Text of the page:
The general concept of It Follows is clever for its absurd simplicity, which is then skilfully executed to ratchet up tension thanks to the deft visual sensibilities of the director and the DP. The basic idea is that if an infected person has sex with you than a slow-moving, shape-shifting supernatural creature will slowly but unceasingly pursue you until it kills you. The inexorable, slow-moving feel of a noose tightening on you which you can never escape is what gives the film its sense of terror and dread.
Of course, once you start thinking about it logically, it wouldn't be that hard to outfox this STD, and I found myself distracted by some of these common sense questions. Do condoms work to prevent it? Why not just drive 300 miles away every day and sleep in a new town? The creature can only move at a walking pace, so, like, how hard would it really be to constantly outrun it? Why don’t they just fly to Thailand and go to Nana Plaza - problem solved. Or fly anywhere for that matter? By the time it catches up to you, fly somewhere else. Can it cross oceans?
But, logic is often the death of a good time at the movies so we shall put that out of our minds for now because if we ignore these practical questions than the film is quite successful at what it sets out to do. And it achieves this almost entirely because it is a pure visual delight. Shot on a shoestring ($2 million), the movie is gorgeous and it uses these visuals very smartly, shooting to maximize depth of focus as often as possible, thereby making the background itself an active and potentially deadly character in the film.
Because you never really know if some innocuous background character is actually The Follower, shooting this way turns every extra milling around - who probably just showed up on the set that day for the free pizza - into a source of tension and potential doom. An excellent example of this is when the characters go to a school, and a slow 360 degree pan reveals there is a person slowly walking toward them, and unless you are paying attention you might not even realize it because at first it just looks like a girl walking across a yard. When the camera pans around a second time, though, you see she is closer than before and walking straight toward the main character. The characters themselves don’t realize it, but the camera and the blocking do all the heavy lifting so that a high degree of creepiness is achieved.
The film lets you know what you are in for from the beginning. It opens with a gorgeously lit and ambitious tracking shot, following a terrified young woman through a suburban setting. There are several scenes on a beach that are almost painterly in their impressionistic and arresting compositions. There is an intimacy to the way these scenes are filmed. This is probably because the production had no money and had to rely on good locations where they could make the most of natural lighting. Fortunately for them, they were shooting in a part of Detroit where the director grew up so he knew the best locations that would have the best light and how to shoot them. This is critical to the success of the film – the premise is pretty clever, but that alone probably wouldn’t be able to sustain this movie without the lush and striking visuals.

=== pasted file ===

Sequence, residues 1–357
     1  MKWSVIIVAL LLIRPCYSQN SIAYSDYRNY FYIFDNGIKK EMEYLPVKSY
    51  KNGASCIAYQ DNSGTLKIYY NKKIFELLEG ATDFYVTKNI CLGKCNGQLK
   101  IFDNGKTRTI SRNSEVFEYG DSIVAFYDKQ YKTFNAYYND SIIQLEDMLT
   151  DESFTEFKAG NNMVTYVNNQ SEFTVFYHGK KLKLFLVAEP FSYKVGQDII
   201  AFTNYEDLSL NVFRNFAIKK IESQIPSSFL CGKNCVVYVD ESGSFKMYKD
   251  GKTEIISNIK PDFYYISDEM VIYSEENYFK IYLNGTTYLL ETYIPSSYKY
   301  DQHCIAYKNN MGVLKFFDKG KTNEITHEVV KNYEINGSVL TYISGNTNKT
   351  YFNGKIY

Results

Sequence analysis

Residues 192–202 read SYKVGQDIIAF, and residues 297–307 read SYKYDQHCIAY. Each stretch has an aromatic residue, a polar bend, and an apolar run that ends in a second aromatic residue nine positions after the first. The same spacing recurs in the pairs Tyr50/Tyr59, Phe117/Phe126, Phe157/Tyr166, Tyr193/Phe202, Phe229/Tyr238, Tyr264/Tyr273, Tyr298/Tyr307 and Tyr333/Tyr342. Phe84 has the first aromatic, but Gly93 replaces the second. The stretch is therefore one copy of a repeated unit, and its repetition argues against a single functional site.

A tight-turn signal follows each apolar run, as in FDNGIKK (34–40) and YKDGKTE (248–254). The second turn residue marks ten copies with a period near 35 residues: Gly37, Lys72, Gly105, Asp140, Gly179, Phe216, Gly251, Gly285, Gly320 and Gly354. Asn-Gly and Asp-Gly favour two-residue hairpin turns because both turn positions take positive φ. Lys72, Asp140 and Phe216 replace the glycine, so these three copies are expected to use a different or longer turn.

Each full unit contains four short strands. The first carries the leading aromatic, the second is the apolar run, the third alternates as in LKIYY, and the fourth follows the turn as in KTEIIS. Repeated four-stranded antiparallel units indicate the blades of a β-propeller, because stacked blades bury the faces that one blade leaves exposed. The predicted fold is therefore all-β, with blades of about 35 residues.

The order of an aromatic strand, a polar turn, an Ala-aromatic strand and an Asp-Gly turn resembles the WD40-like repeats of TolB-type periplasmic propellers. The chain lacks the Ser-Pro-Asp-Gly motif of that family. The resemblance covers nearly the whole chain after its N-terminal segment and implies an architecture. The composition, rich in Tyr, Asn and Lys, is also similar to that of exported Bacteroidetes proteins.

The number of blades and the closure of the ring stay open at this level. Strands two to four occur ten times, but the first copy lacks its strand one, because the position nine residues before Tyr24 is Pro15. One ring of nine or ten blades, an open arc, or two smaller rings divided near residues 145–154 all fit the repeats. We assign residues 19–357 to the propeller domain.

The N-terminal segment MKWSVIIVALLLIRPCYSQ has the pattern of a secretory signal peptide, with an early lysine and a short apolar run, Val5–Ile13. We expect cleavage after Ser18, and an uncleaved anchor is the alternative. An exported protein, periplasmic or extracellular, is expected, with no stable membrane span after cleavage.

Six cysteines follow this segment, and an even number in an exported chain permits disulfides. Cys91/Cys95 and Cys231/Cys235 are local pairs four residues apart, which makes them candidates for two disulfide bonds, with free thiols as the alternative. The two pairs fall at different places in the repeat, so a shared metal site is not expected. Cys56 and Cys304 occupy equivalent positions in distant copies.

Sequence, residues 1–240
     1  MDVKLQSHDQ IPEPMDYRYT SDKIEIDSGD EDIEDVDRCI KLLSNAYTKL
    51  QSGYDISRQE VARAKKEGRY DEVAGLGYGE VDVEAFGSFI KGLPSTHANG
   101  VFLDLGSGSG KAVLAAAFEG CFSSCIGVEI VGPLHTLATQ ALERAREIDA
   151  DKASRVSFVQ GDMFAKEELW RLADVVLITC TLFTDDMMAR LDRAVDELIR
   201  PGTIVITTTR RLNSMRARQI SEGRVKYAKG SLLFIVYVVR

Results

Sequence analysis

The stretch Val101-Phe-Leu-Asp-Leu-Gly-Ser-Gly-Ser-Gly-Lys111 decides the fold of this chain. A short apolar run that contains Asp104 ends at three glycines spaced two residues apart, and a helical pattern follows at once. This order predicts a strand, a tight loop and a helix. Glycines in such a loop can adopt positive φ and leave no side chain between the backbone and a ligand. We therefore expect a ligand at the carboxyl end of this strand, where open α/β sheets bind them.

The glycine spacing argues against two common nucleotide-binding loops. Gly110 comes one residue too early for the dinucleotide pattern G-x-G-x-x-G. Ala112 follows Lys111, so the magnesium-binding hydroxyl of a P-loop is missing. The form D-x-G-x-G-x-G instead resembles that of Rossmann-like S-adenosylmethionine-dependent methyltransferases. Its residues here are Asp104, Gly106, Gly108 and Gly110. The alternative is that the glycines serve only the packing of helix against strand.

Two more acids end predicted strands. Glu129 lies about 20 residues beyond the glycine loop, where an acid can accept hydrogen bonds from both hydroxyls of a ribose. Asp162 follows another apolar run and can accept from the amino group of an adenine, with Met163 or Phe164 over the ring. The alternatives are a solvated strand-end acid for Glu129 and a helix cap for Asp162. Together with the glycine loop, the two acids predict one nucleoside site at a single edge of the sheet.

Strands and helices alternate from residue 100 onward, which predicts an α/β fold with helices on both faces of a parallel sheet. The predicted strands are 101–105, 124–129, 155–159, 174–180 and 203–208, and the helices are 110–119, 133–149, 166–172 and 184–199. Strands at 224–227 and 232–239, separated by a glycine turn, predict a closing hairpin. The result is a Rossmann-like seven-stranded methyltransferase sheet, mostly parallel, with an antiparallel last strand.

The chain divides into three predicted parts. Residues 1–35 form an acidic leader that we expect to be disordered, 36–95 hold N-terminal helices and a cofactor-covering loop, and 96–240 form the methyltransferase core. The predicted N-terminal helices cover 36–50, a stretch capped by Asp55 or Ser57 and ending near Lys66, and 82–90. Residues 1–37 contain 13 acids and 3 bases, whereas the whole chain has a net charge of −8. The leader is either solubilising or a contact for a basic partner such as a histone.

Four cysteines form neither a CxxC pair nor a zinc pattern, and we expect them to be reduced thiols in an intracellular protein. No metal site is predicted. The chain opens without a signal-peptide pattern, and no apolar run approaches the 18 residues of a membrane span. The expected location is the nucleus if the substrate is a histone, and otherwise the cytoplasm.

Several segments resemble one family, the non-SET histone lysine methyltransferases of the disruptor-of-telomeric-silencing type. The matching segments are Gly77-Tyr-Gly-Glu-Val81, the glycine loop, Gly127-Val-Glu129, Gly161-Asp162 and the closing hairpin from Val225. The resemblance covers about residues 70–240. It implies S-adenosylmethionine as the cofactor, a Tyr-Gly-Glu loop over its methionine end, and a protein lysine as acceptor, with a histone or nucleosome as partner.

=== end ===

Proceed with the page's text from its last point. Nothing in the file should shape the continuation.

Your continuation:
Even when the background is not being used to increase tension, the film is still just a beautiful thing to look at. It captures a sense of place using natural light and a knowledge of locations. This is one reason why local filmmakers who know the terrain will often make more beautiful, more intimate and more deeply textured visual cinema than the most high-priced Hollywood location scouts, camera technology, or CGI can. Nothing beats knowing how the light falls on a certain place at a certain time from your own experience, and then using that to craft the visual language of your film.
Another key to the movie’s popularity (AV Club named it the 2nd best horror film since 2000) is that it can be interpreted in many ways by people who like to over-analyse movies. Is it about the corruption of sexuality? Is the director secretly an abstinence-promoting Sarah Palin fan? Is it some deeper metaphorical examination about how becoming an adult means you shed your youthful naiveté and the inexorable forces of death and life begin to hound you with no possibility of escape? There are a lot of ways to slice this film, if you are so inclined, and while this gives it more depth and layers than just a rote horror film, I personally think it is a bit of a stretch to go looking for submerged morality tales or existential meaning in a story that at its heart is about a supernatural STD. Nevertheless, a no-budget horror film that is layered, complex and stunning to look at is worthy of our praise and box office dollars.
And I haven't even mentioned that the production design is subtly, and almost imperceptibly, creepy as fuck.